by Sam Longoria

This is a rather odd Christmas story, and I hope you don't mind reading it.
It has elements that most Christmas stories don't.  Haunted houses, and
graveyards, and running from the police, for example.

It is all true, and I have tried to keep it light.

My father died when he and I were bitter enemies.  I guess he showed me.

I was not prepared for the profound sense of loss that followed, and it
knocked me completely flat.  I guess I thought I'd be happy when he died,
since I hated him so much, yet I was devastated.

The loss I felt was for an imaginary reconciliation and apology that I didn't
even know I wanted, until it was clearly NOT going to happen.

That was sixteen years ago, and I didn't want the same thing to happen with my
mother and siblings.  (Have you ever seen anyone sible?  Neither have I, even
during the Sible War.  I guess they're sibling, but I've never caught them at it.)

So I took steps, (after driving most of the way) to avoid that.  When I
visited my mother and sister (they live alone, together), they refused to see
me.  They were incredibly angry I hadn't talked to them for fifteen years, and
I guess I can't blame them.

I was incredibly angry myself for many years, and I know how it feels.  In
fact, they were so incredibly angry when I visited, they threatened to shoot
me, and then called the Sheriff, which dampened my spirit somewhat, and ended
my visit.

That was Christmas Eve, 1995.  I took some more steps, and found myself at a
graveyard in the middle of the night.

My father died in 1979, on Mother's Day.  I guess he showed her.

He is buried in Greenwood Cemetery, in Renton, almost right next to Jimi
Hendrix, whom he outlived by a scant nine years.  How odd they're both buried
there, as the one thing my father hated (more than, well, me) was Jimi's

My father hated Jimi because he was black, which he wasn't, and a drug abuser,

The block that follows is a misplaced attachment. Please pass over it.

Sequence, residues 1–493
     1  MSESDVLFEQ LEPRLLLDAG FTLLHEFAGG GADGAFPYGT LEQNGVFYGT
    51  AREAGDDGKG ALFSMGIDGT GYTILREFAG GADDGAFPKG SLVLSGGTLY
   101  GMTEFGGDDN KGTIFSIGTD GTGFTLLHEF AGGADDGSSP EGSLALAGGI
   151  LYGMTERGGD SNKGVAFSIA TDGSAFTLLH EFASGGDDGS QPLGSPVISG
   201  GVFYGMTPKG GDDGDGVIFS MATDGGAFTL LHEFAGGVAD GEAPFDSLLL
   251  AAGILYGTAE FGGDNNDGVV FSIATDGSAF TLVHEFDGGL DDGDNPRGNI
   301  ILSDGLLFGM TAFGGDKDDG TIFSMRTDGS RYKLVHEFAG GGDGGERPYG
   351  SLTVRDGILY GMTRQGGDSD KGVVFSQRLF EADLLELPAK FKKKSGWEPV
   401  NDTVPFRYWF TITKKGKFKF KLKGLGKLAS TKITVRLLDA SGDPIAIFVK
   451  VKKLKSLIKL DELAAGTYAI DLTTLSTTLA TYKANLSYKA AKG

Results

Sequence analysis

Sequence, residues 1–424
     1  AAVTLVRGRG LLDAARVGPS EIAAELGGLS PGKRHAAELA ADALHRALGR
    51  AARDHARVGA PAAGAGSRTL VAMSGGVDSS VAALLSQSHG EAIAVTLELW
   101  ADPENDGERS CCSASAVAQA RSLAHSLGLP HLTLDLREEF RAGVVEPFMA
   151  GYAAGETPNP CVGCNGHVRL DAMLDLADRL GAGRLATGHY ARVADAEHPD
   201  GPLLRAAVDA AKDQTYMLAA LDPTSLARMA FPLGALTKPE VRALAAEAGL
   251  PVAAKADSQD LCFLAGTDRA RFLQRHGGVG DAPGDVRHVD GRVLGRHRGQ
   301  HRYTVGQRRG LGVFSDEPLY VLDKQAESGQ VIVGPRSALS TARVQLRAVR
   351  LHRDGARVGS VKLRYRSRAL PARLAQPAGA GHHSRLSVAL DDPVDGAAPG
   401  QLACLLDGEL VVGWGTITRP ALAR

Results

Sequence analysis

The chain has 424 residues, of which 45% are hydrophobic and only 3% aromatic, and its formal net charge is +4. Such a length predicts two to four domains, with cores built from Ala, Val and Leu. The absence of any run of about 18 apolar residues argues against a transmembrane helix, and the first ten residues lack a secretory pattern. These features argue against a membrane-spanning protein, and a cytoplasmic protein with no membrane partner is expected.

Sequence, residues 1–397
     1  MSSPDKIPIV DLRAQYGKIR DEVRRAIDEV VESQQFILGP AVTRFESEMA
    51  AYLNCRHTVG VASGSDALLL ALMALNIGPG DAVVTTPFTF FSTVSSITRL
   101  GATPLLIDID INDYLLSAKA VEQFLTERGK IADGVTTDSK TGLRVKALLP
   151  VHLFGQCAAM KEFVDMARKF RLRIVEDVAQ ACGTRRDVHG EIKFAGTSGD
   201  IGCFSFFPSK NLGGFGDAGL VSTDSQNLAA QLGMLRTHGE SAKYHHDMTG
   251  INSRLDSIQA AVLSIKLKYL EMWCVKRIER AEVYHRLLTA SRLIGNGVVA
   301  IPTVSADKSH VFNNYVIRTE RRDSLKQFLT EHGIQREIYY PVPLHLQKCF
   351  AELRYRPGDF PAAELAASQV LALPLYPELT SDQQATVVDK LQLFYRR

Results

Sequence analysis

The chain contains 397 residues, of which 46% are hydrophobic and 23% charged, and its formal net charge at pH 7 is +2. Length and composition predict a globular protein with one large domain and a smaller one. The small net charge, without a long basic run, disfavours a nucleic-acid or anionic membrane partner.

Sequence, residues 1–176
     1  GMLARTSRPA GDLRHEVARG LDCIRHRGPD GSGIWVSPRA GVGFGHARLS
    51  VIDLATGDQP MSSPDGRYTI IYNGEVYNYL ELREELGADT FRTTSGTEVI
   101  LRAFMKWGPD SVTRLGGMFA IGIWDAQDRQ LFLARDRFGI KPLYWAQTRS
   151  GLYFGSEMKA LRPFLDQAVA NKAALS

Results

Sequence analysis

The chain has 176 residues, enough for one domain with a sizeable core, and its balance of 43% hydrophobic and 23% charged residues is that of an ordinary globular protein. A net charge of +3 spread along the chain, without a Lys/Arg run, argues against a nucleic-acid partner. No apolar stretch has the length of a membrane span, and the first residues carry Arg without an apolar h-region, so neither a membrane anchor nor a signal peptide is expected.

which he was.  So of course, my anger said I had to play it loud and often.
It underscored my conflict with my father.

And now, there they are, underground together, remarkably adjacent, until
further notice.  Within spitting distance, if such were possible.  (And
believe me, 'twould be done.)

I went to my father's grave.  I walked past a line of the Hendrix vigilant,
even in pouring rain, even in the middle of the night.  "Are you going to
Jimi's grave?"  they would ask.  "No."

"Are you going to Jimi's grave?"  "No."

There were lots of them in this line.  They had brought cards, and candles,
and hippie stuff, which they'd piled in a heap on Jimi's grave.  They were
driving vans, and most were dressed in deadhead tie-dye.  I guess Jimi's fans
don't have a style of their own.

"Are you going to Jimi's grave?"  "No."
"Are you going to Jimi's grave?"  "No."
"Are you going to Jimi's grave?"  "No."
"Are you going to Jimi's grave?"  "No."
"Are you going to Jimi's grave?"  "No."

Finally, someone told me what they all were, for want of a better word,
thinking:  "Hey, man.  The end of the line is back there."

"Feels more like the end of the line, right here."  Not a great retort, but I
was pretty unhappy, er bummed, having travelled, er tripped to my old man's
final crash pad.

His gravestone said only "Samuel Longoria, Pvt US Army, 1934 - 1979"  I did
the math, and for some reason, it took my breath away to realize that he was
only 45 when he died.  That is (in functional human years) only 5 YEARS OLDER
than I am now.

I took pictures of the stone, and since it seemed like the thing to do, I
talked to him.  I told him how much I've accomplished in slightly less than
the same time as he lived his whole life, where I've gone, and who loves me,
all IN SPITE of what he taught me, and how awful he was to me, the beatings
and abuse, and so forth.  I went on and on.

Finally, I noticed I had stopped talking.  And I listened intently then, in
case there was a ghostly answer or something.  Like in "Hamlet," or "Star
Wars,"  And there wasn't.  Because he is dead.  Although I don't think I
believed it until that moment.

Then I started to cry, and did that for a while.  Until the Hendrix faithful,
next grave over, felt sorry for me and tried to reassure me that it's all
right, not to be sad, that Jimi's music will live on, and that he still has
plenty of fans.

Although that did make me feel better, I started to explain I was there for a
different grave, and they just stared at me.  I honestly don't think they
noticed other people are even buried there.  And so I left the boneyard and
the boneheaded.  I left the dead, gratefully.